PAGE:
The deadly 2019 climbing season prompted a worldwide demand to reform management of the world's highest peak. Is change really possible? Mark Jenkins, a veteran alpinist who reached the summit in 2012, lays down an emphatic yes.
During 40 years of adventure, hard-charging writer and climber Mark Jenkins has asked a lot of his wife and kids. After his fourth attempt on a dicey Chinese peak, he examines the risks and rewards of a risk-defying career.
A professional adventurer has to break a few eggs along the way—and, apparently, several bones and a skull. Mark Jenkins tallies up the most memorable injuries and mishaps from a life lived on the edge.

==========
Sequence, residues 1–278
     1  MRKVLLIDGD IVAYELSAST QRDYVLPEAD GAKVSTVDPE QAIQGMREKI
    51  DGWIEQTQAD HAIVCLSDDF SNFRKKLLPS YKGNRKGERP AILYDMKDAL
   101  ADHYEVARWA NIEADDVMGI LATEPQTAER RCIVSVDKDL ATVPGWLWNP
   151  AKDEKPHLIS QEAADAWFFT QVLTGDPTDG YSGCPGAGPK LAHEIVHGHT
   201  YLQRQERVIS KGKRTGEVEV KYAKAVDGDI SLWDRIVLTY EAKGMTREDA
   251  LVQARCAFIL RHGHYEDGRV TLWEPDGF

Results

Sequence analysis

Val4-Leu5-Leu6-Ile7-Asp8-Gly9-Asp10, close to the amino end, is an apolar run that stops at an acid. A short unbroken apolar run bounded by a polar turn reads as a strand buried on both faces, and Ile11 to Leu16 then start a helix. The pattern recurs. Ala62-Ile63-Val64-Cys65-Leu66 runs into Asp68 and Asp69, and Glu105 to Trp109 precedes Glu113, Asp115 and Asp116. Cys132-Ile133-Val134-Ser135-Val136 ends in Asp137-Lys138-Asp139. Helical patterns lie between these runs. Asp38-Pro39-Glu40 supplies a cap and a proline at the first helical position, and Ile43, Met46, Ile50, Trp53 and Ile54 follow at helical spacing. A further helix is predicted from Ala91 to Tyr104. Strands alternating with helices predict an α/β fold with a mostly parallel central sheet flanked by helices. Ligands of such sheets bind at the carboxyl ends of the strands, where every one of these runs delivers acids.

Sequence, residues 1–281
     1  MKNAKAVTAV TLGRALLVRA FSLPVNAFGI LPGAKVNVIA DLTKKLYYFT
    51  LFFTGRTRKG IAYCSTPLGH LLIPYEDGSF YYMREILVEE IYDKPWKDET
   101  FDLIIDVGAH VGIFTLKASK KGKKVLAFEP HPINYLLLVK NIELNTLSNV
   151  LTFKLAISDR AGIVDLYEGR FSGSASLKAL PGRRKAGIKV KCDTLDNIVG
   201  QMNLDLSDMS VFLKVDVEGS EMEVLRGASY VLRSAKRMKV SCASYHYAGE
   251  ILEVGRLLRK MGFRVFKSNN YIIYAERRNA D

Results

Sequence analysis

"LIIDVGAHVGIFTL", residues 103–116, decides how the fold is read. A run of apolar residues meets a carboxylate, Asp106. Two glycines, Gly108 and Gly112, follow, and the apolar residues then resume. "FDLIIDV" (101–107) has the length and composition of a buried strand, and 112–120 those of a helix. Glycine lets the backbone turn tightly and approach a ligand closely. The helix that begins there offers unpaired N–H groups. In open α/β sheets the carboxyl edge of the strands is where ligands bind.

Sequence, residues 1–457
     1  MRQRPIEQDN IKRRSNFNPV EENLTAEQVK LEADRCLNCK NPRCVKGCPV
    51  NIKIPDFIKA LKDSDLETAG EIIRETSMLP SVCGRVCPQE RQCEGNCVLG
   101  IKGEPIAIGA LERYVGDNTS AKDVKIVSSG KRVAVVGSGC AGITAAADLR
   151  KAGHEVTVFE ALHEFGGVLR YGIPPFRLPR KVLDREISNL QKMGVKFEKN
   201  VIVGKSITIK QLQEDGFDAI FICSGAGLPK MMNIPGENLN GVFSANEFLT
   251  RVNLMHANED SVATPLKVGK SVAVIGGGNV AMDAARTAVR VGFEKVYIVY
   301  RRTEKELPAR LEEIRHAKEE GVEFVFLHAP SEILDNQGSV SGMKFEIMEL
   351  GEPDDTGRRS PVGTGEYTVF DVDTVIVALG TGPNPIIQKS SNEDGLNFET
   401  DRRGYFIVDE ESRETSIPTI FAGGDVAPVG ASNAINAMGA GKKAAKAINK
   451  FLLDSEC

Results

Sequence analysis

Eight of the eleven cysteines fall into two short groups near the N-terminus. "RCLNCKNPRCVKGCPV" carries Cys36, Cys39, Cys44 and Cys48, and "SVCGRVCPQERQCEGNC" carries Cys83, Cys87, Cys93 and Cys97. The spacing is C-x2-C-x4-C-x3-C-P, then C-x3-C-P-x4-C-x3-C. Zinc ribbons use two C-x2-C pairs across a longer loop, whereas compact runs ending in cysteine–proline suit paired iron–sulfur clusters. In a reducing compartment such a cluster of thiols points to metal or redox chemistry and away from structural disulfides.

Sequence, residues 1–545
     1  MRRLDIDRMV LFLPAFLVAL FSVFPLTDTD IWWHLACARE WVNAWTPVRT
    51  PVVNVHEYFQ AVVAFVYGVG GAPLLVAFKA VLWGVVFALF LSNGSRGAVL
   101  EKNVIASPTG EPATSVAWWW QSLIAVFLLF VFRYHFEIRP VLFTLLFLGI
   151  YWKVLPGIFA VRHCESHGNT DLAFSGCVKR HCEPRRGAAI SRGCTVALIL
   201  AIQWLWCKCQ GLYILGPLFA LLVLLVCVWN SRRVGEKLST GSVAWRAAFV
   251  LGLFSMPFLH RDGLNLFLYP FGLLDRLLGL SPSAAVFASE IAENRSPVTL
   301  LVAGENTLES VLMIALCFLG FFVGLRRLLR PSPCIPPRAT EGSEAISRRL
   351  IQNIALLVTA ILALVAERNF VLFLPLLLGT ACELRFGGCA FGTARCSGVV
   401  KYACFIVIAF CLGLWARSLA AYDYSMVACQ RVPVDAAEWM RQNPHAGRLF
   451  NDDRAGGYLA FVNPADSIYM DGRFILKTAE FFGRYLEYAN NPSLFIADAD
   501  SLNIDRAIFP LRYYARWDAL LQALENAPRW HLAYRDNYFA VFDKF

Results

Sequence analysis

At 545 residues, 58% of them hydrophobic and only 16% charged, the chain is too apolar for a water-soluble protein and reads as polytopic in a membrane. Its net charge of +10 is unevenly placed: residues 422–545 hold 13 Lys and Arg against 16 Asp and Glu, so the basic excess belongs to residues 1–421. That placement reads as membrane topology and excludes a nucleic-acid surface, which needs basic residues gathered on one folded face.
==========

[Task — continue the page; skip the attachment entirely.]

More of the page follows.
Norway's forbidding Hardangervidda Plateau nearly killed Roald Amundsen when he attempted a ski traverse in the winter of 1896. But the failure set him on a path of training, study, and exploration that led to his historic conquest of the South Pole. To commemorate the 100th anniversary of that feat, Mark Jenkins and his brother Steve skied the route, an epic challenge that even now can prove deadly.
Is it possible to guide safely on Everest? Or will the mountain always demand its pound of flesh? MARK JENKINS talks to a dream team of veteransbetween them, they've reached the summit 17 timesin a frank look at the risks, rewards, and nightmares of taking clients to the top.
Winding a thousand miles from India to China, the Burma Road was built to defend China in World War II, but the atomic bomb made it irrelevant and the jungle reclaimed it. Mark Jenkins vowed to do what no one had done for nearly 60 yearstravel the entire Burma Roadand discovered the madness of present-day Myanmar.